Thus, expectation were pretty high, although I was aware performances can’t be too good, as the same N450 processor I’ve tested on the 1008P was present inside this device also.

Read the review bellow to see if the product managed to rise to those expectations.


In terms of specs, there’s almost nothing you could ask more from the T101MT:

  • Intel Atom N450 1.66 GHz processor and GMA 3150 graphics
  • 2 GB of memory
  • 320 GB storage drive + EEE storage space available online
  • decent connectivity: Wi-Fi N and Bluetooth  2.1 + EDR
  • convertible 10.1 inch display (1024 x 600 px), matte and with a multi-touch resistive panel
  • Webcam, 3xUSB slots, mic and audio out, Ethernet Lan
  • 4 Cell 2400 mAh/35 Wh battery
  • Windows 7 Home Premium
  • measures 264 x 181 x 31 mm (10.4 x 7 x 1.2 inch) and weighs 1.3 KG (2.86 lbs)

So, the only things missing would be Bluetooth (update: the final version also offers Bluetooth, only the pre-sale lacked it) and a 3G Broadband modem, but you can connect one via USB if needed.

Design and build quality

The T101MT is one of the best-looking EEE PCs I laid my eyes on, and that’s something, considering that all the Asus netbooks come with fancy looks. It does not offer the Seashell form factor, but a more bulky sharp-edged one, and that’s why I like it. However, having that touch display adds to the lid’s size and makes the overall device a little bit thick (1.3 inches).

In terms of build quality though, I can’t really find any flaw. And since this version comes in white (there will be a black one available too), I won’t even complain about the glossy case, as you won’t really see the scratches and fingerprints on this color (still, they shall be there anyway).

Check out the pictures below for more details on aspect and sides.

Back - only the memory is easily accessible

Back – only the memory is easily accessible

Rear - 2xUSB, Lan, VGA, Power-In, Kensington Lock

Rear side – 2xUSB, Lan, VGA, Power-In, Kensington Lock

Right side - only 1 USB plased strategicaly in the back

Right side – only 1 USB plased strategicaly in the back

Front side - simple and classy

Front side – simple and classy

Left Side - Mic, Audio Out and Card-Reader

Left Side – Mic, Audio Out and Card-Reader

Keyboard + Touchpad

Like you can see in the picture below, the T101MT offers a chiclet keyboard with independent keys. They’re just perfectly sized and spaced (although the F keys on the first raw are smaller and more difficult to use), and if you add to this the fact that there’s nearly no flex, these qualities make this keyboard one of the best I ever saw on a netbook (still, I enjoy the metallic feeling from Toshiba’s NB305 keys more).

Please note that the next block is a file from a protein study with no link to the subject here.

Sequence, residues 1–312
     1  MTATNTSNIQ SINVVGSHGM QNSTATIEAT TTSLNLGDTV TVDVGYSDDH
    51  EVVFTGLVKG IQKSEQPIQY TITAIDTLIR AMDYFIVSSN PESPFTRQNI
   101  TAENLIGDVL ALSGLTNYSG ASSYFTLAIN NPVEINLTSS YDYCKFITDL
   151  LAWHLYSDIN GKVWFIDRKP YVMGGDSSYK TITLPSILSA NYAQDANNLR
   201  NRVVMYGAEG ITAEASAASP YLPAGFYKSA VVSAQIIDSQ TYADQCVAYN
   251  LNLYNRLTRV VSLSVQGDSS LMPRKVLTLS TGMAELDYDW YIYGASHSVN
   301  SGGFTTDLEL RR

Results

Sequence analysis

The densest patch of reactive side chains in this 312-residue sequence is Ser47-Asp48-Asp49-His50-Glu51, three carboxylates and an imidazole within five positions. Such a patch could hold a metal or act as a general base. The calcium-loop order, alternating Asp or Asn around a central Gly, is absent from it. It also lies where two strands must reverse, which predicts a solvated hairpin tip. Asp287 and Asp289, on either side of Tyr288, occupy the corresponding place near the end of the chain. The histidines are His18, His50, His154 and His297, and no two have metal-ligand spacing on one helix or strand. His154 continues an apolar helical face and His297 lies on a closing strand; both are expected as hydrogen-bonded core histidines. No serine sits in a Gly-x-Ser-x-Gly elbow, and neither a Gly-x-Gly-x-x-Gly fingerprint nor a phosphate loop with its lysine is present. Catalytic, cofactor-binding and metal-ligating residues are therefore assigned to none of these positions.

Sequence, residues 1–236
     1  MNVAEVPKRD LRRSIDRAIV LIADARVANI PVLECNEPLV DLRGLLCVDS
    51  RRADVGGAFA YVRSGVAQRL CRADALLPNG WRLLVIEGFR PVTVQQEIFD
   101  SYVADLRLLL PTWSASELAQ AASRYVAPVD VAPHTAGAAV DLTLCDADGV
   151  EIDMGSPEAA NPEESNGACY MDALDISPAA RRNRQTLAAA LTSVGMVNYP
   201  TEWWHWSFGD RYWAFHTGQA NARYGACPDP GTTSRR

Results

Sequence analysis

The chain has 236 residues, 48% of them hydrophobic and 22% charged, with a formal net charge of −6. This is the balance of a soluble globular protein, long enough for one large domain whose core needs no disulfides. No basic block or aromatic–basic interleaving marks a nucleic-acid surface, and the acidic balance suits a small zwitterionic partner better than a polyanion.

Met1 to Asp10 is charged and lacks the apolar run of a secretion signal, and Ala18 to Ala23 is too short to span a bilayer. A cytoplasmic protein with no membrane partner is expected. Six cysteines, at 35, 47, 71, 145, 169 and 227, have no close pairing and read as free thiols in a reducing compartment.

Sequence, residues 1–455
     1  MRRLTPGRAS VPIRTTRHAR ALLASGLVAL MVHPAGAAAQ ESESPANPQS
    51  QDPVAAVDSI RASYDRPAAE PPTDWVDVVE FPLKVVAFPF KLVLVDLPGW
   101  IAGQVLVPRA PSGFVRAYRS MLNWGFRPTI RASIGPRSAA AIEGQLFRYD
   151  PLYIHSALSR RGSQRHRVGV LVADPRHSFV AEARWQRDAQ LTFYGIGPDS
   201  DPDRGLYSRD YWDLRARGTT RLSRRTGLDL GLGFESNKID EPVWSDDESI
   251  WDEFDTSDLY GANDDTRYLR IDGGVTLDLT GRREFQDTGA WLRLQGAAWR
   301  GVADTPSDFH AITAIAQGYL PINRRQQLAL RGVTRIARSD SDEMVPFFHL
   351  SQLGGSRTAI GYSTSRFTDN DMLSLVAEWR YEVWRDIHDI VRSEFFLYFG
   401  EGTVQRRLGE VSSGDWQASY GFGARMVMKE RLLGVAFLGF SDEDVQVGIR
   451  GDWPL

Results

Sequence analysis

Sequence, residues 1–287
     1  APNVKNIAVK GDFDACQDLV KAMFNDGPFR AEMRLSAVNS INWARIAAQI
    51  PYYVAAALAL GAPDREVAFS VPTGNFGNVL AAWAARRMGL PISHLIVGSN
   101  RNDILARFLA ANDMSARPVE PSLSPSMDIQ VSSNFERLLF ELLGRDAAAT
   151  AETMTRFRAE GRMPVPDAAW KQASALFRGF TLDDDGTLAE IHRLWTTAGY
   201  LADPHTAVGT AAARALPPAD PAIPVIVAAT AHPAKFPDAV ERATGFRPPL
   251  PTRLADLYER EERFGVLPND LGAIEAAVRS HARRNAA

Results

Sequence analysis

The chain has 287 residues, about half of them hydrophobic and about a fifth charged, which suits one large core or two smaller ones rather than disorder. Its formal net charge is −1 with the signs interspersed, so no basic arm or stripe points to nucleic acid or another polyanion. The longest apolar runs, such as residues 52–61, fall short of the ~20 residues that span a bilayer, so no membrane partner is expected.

Almost perfect chiclet keyboard

Almost perfect chiclet keyboard

So while the keyboard is good and similar to the one on the 1005PE netbooks, Asus chose to change their dimpled touchpad used on their latest mini laptops with a more classic one, smooth and easily distinguishable from the rest of the body. Plus, you get multi-touch gestures.

New and improved touchpad, still with only one click button

New and improved touchpad, still with only one click button

So overall, the classic input methods on the T101MT score high marks.


Being the first 10 inch convertible netbook from Asus, I’ve been waiting to play with its touch display, really the one thing differentiating this device from the whole bunch of other 10 inch mini laptops. And it turned out to be quite good (on the final version i got, and not the pre-release one i tested initially).

The T101MT can be used as every other netbook

The T101MT can be used as every other netbook

But comes with a convertible screen

But comes with a convertible screen

First, I do have to say that I spoke to my guy at Asus who confirmed this is a pre-sale version. And it comes with some hardware problems, as the top inch of the screen is unusable. Thus I won’t insist on this problem. However, the rest of the screen ain’t too precise either, mainly because of the limitations imposed by the resistive panel.

Like i said, the above were only available for the early pre-release model. I got the final version, the one that will be available in stores soon. And it’s actually great, like i said above.

There are two different modes for this screen:

  • finger mode – makes the click less precise but you can use the device with your fingers and perform all kind of gestures and actions
  • pen mode – in this mode the screen can only be used with the stylus, but it’s very accurate and can be easily used for hand writing and taking notes (will do quite a great job in here, especially if calligraphy was one of you favorite classes in elementary-school – mine wasn’t and the device still recognized my writing most of the time)
Thus can be easily transformed into a mini tablet-pc

Thus can be easily transformed into a mini tablet-pc

Anyway, overall experience provided by this touch-screen when browsing, surfing through photos and files makes me realize I can really enjoy the benefits of this feature. Especially since you can switch the screen-aspect from Landscape to Portrait with only the press of one button (a good accelerometer to make this change automatically would have been nice though).